2015 - ARC Linkage Awards

Recovering Australia’s migratory shorebirds

Dr Richard Fuller, Professor Hugh Possingham

Partner Organisations: Burnett Mary Regional Group for Natural Resource Management Inc, Department of Environment and Heritage Protection/Department of Environment and Resourec Management, Queensland Wader Study Group.

Project summary: This project seeks to determine how Australia’s coastal environments can be managed to aid in the recovery of threatened shorebird species. Millions of migratory shorebirds arrive in Australia each year from their Arctic breeding grounds, yet many of these iconic species are in rapid decline, and two were recently nominated as nationally threatened in Australia. Recovering these threatened species is an important priority. The project aims to discover when and where to act to recover declining migratory species. It also plans to assess the strength of protective mechanisms already in place in Australia and overseas to protect migratory species from extinction, and determine how to improve protection for migrants when they arrive on Australia’s shores.


Planning for the impacts of land-uses on coral reef fisheries

Dr Carissa Klein, Prof Peter Mumby, A/Prof James Watson

Partner Organisations: Wildlife Conservation Society

Project summary: This projects aims to develop models that can determine the ecological and economic impacts of land-use changes (e.g. agriculture) on fisheries and assess alternative land-use plans that seek to maximise economic opportunity while protecting fisheries. Fisheries support the livelihoods of 12 per cent of the world’s population. Land-based activities are among the most significant threats to coral reef fisheries because sediments and nutrients degrade reefs, yet they are often ignored in fisheries management. By improving the sustainability of coastal development, biodiversity conservation, and health of fisheries, the models developed by the project could deliver socio-economic and environmental benefits for millions of people reliant upon fisheries for their livelihoods.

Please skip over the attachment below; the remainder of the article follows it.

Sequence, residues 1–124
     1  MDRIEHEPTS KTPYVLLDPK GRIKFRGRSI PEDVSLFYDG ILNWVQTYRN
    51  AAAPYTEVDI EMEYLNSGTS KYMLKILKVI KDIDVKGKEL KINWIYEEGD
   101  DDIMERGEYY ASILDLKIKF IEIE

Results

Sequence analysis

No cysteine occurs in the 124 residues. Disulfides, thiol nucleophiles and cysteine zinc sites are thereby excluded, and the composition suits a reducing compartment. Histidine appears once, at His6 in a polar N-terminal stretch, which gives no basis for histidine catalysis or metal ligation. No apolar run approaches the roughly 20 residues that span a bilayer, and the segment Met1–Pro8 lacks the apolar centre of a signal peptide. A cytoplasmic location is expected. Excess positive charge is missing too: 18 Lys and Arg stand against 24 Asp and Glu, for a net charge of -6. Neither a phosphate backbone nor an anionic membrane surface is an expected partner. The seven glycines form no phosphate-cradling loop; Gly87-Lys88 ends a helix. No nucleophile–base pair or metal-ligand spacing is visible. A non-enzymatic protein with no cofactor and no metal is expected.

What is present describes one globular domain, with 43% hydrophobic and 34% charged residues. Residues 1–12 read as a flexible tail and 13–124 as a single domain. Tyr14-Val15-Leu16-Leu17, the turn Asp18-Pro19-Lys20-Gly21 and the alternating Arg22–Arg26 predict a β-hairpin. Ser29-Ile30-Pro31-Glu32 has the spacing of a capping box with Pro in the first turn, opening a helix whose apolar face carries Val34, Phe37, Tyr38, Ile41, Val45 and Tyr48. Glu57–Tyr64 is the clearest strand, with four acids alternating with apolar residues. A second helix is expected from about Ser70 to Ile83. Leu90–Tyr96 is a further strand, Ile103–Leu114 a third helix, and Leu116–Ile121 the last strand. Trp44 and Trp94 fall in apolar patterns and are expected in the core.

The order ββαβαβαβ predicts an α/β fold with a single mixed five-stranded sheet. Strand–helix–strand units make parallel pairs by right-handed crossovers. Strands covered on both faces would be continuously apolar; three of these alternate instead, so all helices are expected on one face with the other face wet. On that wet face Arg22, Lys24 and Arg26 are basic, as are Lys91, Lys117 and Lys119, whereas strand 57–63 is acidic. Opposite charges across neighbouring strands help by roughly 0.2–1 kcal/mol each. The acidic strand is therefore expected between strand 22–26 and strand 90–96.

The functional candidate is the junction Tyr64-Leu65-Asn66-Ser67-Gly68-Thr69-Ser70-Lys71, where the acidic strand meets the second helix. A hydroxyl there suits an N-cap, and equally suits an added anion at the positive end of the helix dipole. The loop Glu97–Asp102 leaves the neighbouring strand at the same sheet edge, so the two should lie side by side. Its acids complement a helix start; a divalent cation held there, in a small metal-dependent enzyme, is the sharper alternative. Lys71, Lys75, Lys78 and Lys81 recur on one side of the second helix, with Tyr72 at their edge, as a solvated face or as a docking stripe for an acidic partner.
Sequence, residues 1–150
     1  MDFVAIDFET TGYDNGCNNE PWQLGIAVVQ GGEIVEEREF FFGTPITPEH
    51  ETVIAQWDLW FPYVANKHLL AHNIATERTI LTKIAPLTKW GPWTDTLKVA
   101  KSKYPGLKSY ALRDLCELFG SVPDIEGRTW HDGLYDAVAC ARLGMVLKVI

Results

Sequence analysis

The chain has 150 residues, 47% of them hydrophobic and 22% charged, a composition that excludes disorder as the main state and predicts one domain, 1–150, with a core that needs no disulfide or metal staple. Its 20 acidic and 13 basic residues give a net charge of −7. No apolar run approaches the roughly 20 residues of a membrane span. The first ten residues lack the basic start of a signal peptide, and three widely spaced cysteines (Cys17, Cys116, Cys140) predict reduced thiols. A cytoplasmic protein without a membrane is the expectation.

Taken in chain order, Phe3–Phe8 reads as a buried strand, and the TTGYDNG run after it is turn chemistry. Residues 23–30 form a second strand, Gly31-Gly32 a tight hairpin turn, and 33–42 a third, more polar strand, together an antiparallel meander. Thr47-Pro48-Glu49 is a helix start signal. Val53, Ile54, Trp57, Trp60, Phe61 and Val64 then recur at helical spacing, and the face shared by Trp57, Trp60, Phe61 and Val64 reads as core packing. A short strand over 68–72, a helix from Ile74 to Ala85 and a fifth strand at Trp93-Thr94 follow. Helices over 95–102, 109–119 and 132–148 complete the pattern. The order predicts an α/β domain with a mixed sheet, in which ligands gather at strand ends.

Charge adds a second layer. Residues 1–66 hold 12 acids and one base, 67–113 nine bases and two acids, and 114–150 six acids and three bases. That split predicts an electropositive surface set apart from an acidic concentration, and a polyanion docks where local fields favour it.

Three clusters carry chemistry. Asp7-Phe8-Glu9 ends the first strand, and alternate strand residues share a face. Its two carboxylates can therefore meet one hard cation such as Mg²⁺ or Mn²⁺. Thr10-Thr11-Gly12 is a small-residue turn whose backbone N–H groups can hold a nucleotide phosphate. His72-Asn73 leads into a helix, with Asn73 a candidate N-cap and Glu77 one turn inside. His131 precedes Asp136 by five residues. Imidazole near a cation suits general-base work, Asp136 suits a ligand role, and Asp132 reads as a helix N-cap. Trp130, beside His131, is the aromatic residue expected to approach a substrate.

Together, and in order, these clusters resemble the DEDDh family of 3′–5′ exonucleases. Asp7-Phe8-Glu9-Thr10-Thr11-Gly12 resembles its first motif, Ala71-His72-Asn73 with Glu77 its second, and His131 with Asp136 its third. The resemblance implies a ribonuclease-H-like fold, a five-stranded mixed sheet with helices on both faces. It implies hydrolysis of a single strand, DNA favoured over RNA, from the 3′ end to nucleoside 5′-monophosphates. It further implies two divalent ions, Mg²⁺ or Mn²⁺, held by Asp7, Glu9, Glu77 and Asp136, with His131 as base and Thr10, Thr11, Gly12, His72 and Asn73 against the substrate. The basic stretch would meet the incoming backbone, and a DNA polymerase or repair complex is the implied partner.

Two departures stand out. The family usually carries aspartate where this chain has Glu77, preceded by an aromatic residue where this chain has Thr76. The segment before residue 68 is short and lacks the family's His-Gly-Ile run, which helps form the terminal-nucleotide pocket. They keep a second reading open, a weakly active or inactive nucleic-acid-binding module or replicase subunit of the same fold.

2014 - ARC Linkage Awards

Designing effective fish-friendly waterway culverts: integration of hydrodynamics and swimming performance - $527,824

Prof Craig Franklin, Prof Hubert Chanson, Dr Matthew Gordos

Partner Organisation: NSW Fisheries

Project Summary: Man-made in-stream structures (for example, dams and road crossings) have contributed to major declines in native fish numbers, with more than 6,000 barriers to fish migration occurring in New South Wales alone. Recognising this, Fisheries New South Wales led the development of national guidelines for the design and construction of fish friendly road crossings. Unfortunately, these guidelines have little empirical backing. This project will integrate data on the swimming ability of Australian fish species with culvert hydrodynamic modelling to better understand fish requirements in and around road crossings. These data will strengthen national design guidelines and provide the tools engineers and planners need to balance fish migration with effective water management. 


Investigating movement, distribution, abundance and diet to support management objectives for threatened riverine predators in Northern Australia - $363,000

Prof Craig Franklin, Dr Hamish Campbell, Mrs Terri Irwin,  Dr Richard Pillans

Partner Organisations: Australia Zoo, Commonwealth Scientific and Industrial Research Organisation